Setting up a Python Environment¶
You can also use these instructions to set up python environments on your personal computer
Setting up a python environment using Anaconda¶
The Anaconda distribution gives you access to many commonly used libraries and is the fastest way to set up a ready to use python environment. It is also the recommended way of installing jupyter.
Begin by going to the Anaconda website and copying the link to the lastest Linux ‘64-Bit (x86) Installer.
Download it onto alder using
wget "<link to installer file>" e.g.
$ wget "https://repo.anaconda.com/archive/Anaconda3-2019.03-Linux-x86_64.sh"
Install Anaconda using
bash <name of the file you just downloaded>, then following the installer’s instructions.
It is highly recommended to use the default settings provided by the installer.
$ bash Anaconda3-2019.03-Linux-x86_64.sh
Installing conda only¶
The links to the Miniconda installer can be found here, and can be installed using the same procedure as in the previous section.
Miniconda only includes python and the conda package manager.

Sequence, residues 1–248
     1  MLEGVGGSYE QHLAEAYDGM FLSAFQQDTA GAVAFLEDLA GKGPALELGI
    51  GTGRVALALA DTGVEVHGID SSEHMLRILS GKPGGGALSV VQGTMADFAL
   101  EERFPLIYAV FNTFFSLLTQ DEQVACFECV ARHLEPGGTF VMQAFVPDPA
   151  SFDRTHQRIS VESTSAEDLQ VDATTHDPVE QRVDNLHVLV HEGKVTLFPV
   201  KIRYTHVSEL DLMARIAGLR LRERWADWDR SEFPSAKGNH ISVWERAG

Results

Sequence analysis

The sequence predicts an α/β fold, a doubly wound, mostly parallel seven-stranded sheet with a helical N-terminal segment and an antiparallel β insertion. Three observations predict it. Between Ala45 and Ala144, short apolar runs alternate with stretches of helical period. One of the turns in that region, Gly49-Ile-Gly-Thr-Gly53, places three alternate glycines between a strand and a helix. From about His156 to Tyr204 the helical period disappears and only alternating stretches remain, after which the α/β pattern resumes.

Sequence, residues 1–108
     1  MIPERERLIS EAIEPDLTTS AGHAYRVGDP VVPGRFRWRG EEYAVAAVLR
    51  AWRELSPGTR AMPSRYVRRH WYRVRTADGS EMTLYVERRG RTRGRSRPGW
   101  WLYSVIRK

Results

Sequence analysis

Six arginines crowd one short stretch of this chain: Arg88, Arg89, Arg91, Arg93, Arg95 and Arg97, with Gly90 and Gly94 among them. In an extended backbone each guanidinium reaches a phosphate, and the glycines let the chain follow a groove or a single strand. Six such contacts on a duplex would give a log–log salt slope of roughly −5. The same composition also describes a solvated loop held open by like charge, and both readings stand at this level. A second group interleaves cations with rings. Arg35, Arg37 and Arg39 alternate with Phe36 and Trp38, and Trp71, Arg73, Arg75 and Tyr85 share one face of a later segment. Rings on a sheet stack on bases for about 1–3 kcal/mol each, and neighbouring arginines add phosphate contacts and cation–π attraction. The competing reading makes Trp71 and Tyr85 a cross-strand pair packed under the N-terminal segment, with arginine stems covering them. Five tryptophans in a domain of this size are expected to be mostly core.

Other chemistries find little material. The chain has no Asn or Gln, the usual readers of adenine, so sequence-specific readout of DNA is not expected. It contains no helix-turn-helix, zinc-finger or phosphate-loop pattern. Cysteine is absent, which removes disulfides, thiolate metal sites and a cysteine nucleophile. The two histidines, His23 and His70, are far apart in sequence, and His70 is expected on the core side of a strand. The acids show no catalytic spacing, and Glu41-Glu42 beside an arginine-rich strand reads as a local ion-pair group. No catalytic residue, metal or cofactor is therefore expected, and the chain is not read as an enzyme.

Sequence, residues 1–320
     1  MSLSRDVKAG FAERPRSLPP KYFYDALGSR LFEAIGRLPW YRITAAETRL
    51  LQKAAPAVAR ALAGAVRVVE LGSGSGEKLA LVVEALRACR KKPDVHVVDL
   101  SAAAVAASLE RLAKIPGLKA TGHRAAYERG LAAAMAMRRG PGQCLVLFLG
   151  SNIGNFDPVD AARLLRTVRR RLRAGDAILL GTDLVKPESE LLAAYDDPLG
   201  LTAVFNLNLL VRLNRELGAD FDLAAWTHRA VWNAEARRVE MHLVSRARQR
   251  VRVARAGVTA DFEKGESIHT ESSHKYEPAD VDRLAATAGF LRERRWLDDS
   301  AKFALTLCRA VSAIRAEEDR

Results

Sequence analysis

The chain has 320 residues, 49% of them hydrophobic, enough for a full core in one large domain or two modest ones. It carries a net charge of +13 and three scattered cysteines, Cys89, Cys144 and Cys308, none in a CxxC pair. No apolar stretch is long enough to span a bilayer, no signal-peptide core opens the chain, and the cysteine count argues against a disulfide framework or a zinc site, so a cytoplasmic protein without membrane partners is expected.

Setting up a custom python environment¶
1. Using conda¶
Conda combines pip and venv and offers a better user experience. This excellent tutorial from UoA e-research gives concise instructions on setting up virtual environments using conda.
2. Using venv¶
venv comes into play if you prefer not to work with conda.
Replace ‘myvenv’ with whatever path you want to keep you virtual environment in.
# create the venv $ python3 -m venv myvenv # activate the venv $ source myvenv/bin/activate # you should now see the name of our venv in the terminal prefix (myvenv) [user@<cluster> ~]$
$ pip install --upgrade pip
You can view the packages you have install into your virtual environment using
You should see something like:
Package Version ---------- ------- pip 19.1.1 setuptools 28.8.0
Now we can install some packages
# install a package $ pip install numpy # install many packages at once $ pip install scipy matplotlib # install a particular version of a package $ pip install h5py==2.9.0
You can deactivate the virtual environment with
Whenever you want to use the environment again, activate it using
source <path to venv activate>, e.g.
$ source myvenv/bin/activate
If you want to save your environment configuration, use
$ pip freeze > requirements.txt
You can also use a requirements file to build or modify your virtual environment
$ pip install -r requirements.txt